(ROBYN BECK/AFP/Getty Images)
LITTLE ROCK, Ark. (KTHV) - A national autism advocate is speaking in Little Rock about autism, what it is, and how to address it in your family.
Temple Grandin, is a source of inspiration for those with autism and their families. Grandin is an autism activist who was diagnosed with the disorder at age 2. She's also one of the nation's foremost experts on the treatment of livestock and says she remembers what it was like to grow up autistic.
"When I was little kid I couldn't talk. I can remember the frustrations of not being able to talk. I had extremely good early education and early intervention. I can't emphasize enough develop the child's strength," says Grandin.
Grandin, who designed curved chutes and other systems for cattle handling, worries other autistic children won't get those opportunities. That's the message she spoke about Monday in Little Rock.
"If you have a 2 or 3 year old child who's not talking worst thing you can do is do nothing. Then you got the kids who are quirky and different and I'm very upset that these schools have taken the hands-on classes out. All the art and woodshop and cooking and sewing and welding, because those classes teach practical problem solving," Grandin says.
Clarke Delp knows all too well how autism can affect families. She says Grandin has offered her help with her own autistic child.
"At the age of 6 he was diagnosed with autism. Part of me was a little relieved because I knew what I was dealing with then. Because for 6 years not knowing what I was dealing with was a struggle," says Delp.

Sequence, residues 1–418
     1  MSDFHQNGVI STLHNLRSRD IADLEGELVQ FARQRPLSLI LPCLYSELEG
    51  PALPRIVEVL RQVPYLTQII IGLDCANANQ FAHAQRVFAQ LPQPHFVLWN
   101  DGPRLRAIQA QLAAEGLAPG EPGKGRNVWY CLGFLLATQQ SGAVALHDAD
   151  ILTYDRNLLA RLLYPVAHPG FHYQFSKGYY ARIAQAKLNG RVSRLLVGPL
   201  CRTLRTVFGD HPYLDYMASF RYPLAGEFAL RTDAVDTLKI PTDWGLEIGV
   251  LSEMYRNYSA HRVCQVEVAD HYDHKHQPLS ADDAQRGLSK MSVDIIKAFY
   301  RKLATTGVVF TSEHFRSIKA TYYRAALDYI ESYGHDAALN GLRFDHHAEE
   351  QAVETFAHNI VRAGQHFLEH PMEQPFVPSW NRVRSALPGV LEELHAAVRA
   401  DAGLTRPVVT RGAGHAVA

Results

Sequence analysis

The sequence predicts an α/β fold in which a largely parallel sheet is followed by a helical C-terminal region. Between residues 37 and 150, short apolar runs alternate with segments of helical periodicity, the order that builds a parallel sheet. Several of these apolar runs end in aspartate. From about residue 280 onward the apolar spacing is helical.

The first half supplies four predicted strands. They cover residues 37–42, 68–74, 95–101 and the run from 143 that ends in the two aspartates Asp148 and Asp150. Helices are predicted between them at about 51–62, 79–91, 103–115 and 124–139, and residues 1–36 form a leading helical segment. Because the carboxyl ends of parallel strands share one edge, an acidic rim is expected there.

Now, her autistic son Warren is 10-years old. She says Grandin helped her cope with his disorder.
"She has made sure that her life has not been defined by autism. She has accomplished such incredible things. Autism certainly comes with great challenges, but it doesn't necessarily mean that you cannot live a fulfilling life, a successful independent life," says Delp. "She gives me hope, she gives most of the parents, all the parents I know hope that their child can be successful as she is."
More on Grandin:
A professor of animal science at Colorado State University in Fort Collins, Colo., Grandin has received numerous awards from the livestock industry and animal-welfare groups for in improving the conditions in large processing plants around the country. She credits her sympathetic approach to animals to her mental condition and her fascination with the power of human contact.
Named one of Time magazine's "100 Most Influential People in the World" in 2010, she received a master's degree in animal science from Arizona State University in 1975, and a doctoral degree in animal science from the University of Illinois at Urbana-Champaign in 1989. The HBO film about her life and early career, "Temple Grandin," earned five Emmys in 2010.
"Dr. Grandin has a fascinating story to tell, not only from the standpoint of a woman involved in what is predominantly a male-oriented field, but also as someone who stood up for herself when others had written her off," said Debra Fiser, M.D., dean of the College of Medicine.
The luncheon will include a panel discussion featuring Molly Gathright, M.D., of the Psychiatric Research Institute and G. Bradley Schaefer, M.D., director of the Division of Genetics.
"We feel very fortunate to have Dr. Grandin come to Arkansas to speak," said G. Richard Smith, M.D., director of the Psychiatric Research Institute and chairman of the UAMS Department of Psychiatry. "Her accomplishments have shown that someone with autism can be a productive member of society, and we are looking forward to learning more about her successes."